Are you collapsing online? How to navigate context collapse for professional success

Today is Wednesday, October 17, and we are here today on this COM 655 podcast to talk about navigating context collapse in the professional world and how doing so is essential to professional success. For resources related to this podcast and its subject matter, see my annotated bibliography here GravesCarrie_Week6_AnnotatedBibliography_100718.

It’s Complicated: the Social Lives of Networked Teens

by danah boyd a book review An often overheard comment in conversations about parenting or among those who ponder the state of the world is that social media is bad and dangerous. What is so often missing in subjective articles, news stories and other avenues of pop culture is the notion that social media isContinue reading “It’s Complicated: the Social Lives of Networked Teens”

Top Ten Best Practices for Communicating Organizational Identity and Brand

You need some new athletic shoes, what kind are you dying to get? You’re traveling for work, in a hurry, and need to eat? What’s the national fast food chain you’ll be relieved to see in the airport? I love fizzy drinks, but the only soda I ever really want is Coke. I’m in theContinue reading “Top Ten Best Practices for Communicating Organizational Identity and Brand”

Wish me luck!

Applying Goffman to the VW Diesel Crisis of 2015 In preparing the below presentation, Applying Goffman to the VW Diesel Crisis of 2015, I learned that Volkswagen was reluctant to admit their failing at first. Once they did, things got better. What I realized was that if the company would have benefitted from having aContinue reading “Wish me luck!”

A tradition worth fighting for

A tradition worth fighting for: applying a consensus-oriented public relations approach to the New Coke incident of 1985. In the case of post-crisis New Coke, Coca-Cola demonstrated its intention to right its strategic communication error – taking away the people’s Coke and replacing with a new product. When the public protested, they took a consensus-orientedContinue reading “A tradition worth fighting for”

Employees first, customers second

A case of divine reversal? Turning the world of management upside-down. Employees first, customers second. For anyone coming from a retail background such a phrase is a difficult one to swallow. Particularly for a local business, how could one imagine not doing everything possible to keep customers happy, ensuring every possible penny would come one’s way?Continue reading “Employees first, customers second”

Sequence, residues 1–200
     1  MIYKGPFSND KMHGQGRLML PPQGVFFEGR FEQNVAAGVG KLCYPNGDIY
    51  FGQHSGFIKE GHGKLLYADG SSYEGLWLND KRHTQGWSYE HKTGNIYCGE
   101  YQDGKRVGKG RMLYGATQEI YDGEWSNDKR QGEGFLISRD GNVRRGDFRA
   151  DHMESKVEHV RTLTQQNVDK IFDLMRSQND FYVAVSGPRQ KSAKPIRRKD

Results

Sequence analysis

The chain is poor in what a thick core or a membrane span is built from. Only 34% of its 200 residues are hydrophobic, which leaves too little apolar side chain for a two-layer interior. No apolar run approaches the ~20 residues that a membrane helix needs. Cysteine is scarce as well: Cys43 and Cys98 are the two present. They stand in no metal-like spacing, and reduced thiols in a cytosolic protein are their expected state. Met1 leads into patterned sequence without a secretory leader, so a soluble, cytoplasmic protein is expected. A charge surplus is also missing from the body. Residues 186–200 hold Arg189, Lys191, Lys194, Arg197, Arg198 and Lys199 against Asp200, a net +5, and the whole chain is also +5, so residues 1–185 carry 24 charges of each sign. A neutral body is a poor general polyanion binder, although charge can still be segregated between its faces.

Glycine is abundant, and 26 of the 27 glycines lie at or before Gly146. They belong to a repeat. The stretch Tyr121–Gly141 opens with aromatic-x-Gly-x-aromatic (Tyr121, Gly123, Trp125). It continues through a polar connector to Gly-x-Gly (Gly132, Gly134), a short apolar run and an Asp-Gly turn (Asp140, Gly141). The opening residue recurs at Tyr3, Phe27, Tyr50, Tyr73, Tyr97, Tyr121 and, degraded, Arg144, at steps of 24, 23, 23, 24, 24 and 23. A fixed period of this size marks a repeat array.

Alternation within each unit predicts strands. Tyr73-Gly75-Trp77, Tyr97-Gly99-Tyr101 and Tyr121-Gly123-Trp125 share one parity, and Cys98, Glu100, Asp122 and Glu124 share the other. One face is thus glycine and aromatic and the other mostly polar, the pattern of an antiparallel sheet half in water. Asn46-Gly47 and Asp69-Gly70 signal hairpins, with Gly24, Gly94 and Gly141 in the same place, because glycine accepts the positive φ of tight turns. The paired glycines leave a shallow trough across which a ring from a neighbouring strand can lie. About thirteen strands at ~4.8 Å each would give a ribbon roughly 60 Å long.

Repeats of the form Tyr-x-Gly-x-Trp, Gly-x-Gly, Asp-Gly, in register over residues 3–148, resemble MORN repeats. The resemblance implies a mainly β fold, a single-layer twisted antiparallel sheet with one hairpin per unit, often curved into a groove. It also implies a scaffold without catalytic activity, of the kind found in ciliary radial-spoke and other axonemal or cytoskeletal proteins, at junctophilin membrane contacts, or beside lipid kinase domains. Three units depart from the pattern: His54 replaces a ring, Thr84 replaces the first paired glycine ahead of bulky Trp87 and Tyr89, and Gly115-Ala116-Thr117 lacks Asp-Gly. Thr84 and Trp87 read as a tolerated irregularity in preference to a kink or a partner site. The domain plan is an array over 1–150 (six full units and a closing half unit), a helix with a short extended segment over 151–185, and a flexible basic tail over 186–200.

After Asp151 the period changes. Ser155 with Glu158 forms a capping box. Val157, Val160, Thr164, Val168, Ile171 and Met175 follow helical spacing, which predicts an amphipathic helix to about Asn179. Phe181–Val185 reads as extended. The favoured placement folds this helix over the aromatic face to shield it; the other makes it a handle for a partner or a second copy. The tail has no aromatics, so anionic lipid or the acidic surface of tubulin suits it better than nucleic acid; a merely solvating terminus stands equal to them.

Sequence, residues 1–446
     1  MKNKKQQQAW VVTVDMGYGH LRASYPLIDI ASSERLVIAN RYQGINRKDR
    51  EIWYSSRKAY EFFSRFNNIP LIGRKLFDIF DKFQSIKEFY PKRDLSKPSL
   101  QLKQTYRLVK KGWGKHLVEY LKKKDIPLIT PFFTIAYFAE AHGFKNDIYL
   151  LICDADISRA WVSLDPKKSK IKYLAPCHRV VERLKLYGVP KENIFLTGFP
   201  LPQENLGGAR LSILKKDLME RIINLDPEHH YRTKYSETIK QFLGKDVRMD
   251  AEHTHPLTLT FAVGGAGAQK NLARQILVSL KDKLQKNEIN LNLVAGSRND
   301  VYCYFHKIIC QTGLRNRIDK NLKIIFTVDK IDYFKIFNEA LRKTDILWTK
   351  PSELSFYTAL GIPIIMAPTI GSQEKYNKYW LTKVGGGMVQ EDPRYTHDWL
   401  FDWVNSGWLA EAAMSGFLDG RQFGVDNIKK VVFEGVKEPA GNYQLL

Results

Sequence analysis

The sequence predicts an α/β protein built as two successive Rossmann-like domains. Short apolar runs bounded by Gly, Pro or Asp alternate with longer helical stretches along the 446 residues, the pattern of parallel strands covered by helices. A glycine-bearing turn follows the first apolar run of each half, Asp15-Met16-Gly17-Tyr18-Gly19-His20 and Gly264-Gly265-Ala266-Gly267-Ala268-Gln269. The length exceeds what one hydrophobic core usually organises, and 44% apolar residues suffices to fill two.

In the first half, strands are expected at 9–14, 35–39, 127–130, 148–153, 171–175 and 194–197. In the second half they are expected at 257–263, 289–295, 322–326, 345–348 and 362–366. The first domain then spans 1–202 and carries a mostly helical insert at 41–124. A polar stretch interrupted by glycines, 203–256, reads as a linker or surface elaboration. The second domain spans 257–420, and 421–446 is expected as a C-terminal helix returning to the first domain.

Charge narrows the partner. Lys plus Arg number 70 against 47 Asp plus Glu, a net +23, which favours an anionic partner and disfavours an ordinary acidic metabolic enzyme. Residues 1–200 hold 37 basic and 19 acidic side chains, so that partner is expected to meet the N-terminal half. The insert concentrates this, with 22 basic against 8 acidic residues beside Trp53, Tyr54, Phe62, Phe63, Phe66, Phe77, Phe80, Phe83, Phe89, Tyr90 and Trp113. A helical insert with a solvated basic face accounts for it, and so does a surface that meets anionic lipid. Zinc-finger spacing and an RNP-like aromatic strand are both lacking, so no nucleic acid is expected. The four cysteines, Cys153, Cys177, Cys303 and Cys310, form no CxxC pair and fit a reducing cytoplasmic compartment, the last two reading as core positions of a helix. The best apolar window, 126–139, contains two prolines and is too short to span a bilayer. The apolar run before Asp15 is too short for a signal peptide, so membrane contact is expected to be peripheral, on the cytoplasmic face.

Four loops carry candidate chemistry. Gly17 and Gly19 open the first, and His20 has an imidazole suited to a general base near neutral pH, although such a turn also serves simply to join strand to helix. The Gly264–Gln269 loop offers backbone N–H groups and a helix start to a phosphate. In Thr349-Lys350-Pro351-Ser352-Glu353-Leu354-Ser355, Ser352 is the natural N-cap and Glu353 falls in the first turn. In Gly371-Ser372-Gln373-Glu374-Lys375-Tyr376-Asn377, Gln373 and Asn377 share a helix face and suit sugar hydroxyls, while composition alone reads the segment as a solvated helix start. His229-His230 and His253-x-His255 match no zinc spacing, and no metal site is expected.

Creative monastery in the business world

Are you looking for ways to make your business relevant and effective? Are traditional business models and workplace protocol weighing you and your employees down? I can help. Let’s work together to set goals for your business that express your creativity, give you a competitive edge and build a systems environment. Your company will becomeContinue reading “Creative monastery in the business world”

The bishop’s mitre

Today’s American organizational landscape is arguable still very much a top-down model. From large corporations, to factories, to government structure and hierarchical churches, the pyramid-like shape of the bishop’s mitre first the classical management style of many organizations. Although the entrepreneurialism of the 21st century allows many to be self-employed, self-employment today often falls underContinue reading “The bishop’s mitre”

The community of Church memory and how things change

In Communication Ethics Literacy: Dialogue and Difference, the authors discuss the theory developed by Robert Bellah that organization are holders of a “community of memory” (Arnett, Fritz, and Bell, 2009). No organization or individual exists in a vacuum, especially not the Church. The Christian Church has a long history of tradition, or holding the communityContinue reading “The community of Church memory and how things change”

Moderated Comments

In our culture of global connectedness, dialogue and opinion, more often opinion, are as widespread as the air we breathe. In communication ethics, “the public arena does not offer the final answer; it is the place where one takes a grounded stance, engages the grounded stances of others, and makes a decision (Armett, Fritz, andContinue reading “Moderated Comments”